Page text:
For instance. She spends and ENTIRE PAGE mocking Dan Brown for calling Leonardo "Leonardo Da Vinci", as if it's the most absurd thing she's ever heard. News flash Amy, that's how he is known. Go up to any shmuck on the street. Ask them if they have ever seen any of Leonardo's Paintings. Ask a completely different set of people if they have seen a painting by "Da Vinci". I bet you, and i'm not a betting man, that you'll get at least twice as many people know Da Vinci and not Leonardo by itself.Read more ›
Ms. Welborn's way of debunking the novel is very childish and vain. For example, the whole tantrum about Leonardo da Vinci's name just being LEONARDO....That NOBODY calls him Da Vinci. (I have news for you, sweetie, everybody that I've ever heard made referance to LEONARDO has called him Da Vinci, even if it's NOT his name. Brown knew this, and used it in the title.)
The whole book seemed to have an "I'm right and you're wrong. You're a big idiot and I can prove it!" feel to it, and I can't stand people like that.
The thing Ms. Welborn needs to understand is that The Da Vinci Code is placed on the fiction shelf of any bookstore. She needs to get over herself, because her arguments weren't beyond a shadow of a doubt themselves, and perhaps read the book again (I think she misunderstood a few things said in the novel,as well) perhaps keeping in mind that the words she is reading never claimed to be true, or gospel, just good, old fashioned fun.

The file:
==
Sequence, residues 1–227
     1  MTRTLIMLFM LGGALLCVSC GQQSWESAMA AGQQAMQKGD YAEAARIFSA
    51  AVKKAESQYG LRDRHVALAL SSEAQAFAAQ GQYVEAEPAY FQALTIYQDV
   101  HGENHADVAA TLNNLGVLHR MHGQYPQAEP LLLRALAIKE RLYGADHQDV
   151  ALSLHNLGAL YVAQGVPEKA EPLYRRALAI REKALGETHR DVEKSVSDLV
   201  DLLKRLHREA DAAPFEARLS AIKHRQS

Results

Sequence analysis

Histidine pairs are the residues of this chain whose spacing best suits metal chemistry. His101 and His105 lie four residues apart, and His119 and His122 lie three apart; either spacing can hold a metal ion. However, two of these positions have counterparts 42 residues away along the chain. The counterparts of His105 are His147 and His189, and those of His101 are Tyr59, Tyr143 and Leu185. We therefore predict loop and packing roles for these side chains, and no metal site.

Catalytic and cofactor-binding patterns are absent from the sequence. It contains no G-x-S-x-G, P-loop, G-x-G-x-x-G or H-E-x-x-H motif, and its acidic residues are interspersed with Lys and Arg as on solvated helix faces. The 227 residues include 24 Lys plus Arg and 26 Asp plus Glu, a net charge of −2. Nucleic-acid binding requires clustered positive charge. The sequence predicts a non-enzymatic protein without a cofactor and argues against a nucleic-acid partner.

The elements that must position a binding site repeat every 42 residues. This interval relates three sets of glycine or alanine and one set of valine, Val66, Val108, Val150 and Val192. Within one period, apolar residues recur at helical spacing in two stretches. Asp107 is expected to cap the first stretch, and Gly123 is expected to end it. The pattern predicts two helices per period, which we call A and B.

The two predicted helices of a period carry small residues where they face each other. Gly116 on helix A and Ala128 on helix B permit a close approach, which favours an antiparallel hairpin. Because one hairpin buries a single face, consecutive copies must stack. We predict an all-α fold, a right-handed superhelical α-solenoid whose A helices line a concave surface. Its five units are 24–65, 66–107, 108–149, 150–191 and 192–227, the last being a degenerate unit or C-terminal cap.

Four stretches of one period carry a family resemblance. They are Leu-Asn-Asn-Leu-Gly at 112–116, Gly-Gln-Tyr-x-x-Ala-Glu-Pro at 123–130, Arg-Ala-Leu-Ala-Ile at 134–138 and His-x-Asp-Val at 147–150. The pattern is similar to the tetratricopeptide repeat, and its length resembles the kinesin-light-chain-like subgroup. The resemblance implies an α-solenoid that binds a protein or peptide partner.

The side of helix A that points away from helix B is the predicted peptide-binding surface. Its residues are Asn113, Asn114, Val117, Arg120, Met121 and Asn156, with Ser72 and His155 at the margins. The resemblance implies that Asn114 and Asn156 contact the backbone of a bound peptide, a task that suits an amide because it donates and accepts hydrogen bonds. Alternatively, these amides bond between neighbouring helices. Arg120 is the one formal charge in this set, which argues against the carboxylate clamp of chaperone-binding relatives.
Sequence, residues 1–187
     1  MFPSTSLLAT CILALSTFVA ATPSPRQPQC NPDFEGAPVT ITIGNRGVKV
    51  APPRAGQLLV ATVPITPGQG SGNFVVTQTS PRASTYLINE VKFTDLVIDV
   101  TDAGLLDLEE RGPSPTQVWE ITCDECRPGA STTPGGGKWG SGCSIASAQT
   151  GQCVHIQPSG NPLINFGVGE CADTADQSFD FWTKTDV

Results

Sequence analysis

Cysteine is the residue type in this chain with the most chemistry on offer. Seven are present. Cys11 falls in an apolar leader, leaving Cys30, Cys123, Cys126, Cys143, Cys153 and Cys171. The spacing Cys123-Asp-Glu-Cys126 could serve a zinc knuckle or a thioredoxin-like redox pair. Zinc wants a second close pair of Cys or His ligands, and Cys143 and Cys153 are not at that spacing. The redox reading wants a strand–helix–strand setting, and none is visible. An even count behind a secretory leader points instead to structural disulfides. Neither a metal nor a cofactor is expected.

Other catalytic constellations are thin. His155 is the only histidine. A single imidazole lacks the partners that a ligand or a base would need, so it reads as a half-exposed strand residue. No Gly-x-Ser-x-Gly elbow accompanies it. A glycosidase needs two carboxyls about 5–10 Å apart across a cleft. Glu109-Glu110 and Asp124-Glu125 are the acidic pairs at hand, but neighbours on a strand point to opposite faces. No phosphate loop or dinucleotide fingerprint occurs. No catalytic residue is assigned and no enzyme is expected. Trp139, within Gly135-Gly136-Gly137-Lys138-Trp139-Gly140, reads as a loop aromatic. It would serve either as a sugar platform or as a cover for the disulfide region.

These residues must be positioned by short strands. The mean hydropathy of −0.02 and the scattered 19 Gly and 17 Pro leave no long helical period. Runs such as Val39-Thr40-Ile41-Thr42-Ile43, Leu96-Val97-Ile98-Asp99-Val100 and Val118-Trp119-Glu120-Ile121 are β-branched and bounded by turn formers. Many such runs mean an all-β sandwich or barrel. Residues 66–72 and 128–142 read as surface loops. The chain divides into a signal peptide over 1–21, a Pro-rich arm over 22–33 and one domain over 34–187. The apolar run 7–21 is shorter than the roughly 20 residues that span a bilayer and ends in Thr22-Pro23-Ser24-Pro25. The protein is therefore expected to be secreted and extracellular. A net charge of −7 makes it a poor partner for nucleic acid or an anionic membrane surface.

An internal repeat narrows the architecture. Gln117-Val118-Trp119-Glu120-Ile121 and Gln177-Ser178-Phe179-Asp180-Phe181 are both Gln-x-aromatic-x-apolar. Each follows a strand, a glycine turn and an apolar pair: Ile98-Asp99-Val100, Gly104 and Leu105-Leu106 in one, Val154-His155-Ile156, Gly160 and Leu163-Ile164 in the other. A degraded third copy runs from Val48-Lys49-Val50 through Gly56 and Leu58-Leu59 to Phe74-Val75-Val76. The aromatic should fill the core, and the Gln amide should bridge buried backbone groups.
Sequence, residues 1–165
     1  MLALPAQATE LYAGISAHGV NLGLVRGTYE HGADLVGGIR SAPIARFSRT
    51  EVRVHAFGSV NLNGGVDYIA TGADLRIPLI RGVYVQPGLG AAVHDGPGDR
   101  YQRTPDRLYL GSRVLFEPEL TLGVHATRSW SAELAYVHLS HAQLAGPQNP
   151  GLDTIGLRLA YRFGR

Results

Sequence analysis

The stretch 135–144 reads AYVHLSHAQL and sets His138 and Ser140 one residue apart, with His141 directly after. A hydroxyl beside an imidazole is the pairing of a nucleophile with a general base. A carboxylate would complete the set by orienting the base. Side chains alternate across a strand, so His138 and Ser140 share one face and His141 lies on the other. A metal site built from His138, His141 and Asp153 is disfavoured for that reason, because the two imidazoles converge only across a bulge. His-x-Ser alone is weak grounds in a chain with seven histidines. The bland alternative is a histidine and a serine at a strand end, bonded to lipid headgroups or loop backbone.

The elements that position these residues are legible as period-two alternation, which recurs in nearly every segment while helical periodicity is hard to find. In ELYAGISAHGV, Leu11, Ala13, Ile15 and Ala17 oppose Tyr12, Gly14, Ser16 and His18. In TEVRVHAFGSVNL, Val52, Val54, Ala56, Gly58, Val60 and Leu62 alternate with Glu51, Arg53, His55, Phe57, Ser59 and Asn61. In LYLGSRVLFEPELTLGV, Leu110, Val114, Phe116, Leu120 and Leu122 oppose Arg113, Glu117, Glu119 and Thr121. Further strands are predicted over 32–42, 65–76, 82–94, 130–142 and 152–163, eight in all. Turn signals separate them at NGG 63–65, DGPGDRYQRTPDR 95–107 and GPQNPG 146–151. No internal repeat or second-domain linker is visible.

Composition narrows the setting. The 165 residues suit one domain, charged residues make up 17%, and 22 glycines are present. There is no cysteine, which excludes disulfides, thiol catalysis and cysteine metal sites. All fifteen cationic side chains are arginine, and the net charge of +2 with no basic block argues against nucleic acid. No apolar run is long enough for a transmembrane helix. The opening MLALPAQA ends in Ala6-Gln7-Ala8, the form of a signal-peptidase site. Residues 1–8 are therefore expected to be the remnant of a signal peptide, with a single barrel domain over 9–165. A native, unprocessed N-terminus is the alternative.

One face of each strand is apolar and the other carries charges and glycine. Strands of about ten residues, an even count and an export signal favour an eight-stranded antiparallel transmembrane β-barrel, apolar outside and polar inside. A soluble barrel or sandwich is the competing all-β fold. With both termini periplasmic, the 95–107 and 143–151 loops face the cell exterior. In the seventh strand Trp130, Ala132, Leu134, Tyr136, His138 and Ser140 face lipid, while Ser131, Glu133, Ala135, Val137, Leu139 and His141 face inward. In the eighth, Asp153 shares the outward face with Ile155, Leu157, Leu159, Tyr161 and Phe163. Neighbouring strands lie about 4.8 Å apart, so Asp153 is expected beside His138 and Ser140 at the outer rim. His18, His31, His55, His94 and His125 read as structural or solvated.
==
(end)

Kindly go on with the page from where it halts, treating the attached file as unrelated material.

I didn't hear this much complaining when The Shroud by John Coyne came out, talking about Jeasus' twin, Judas. Hmmmmmmmmm.
Amy's book is a straightforward look at the nonsense: pointing out interesting facts, such as Brown's not citing any part of the New Testament when making up his "life" of Jesus, or his faulty history when dealing secular matters. (Other folks have been talking about the bad -- even awful -- writing.) The bottom line is, Brown's book doesn't really count as historical fiction, 'cause there's really no history involved -- it's pure fantasy. But it's fantasy with a purpose. So it's no surprise that a few folks are responding to his "argument."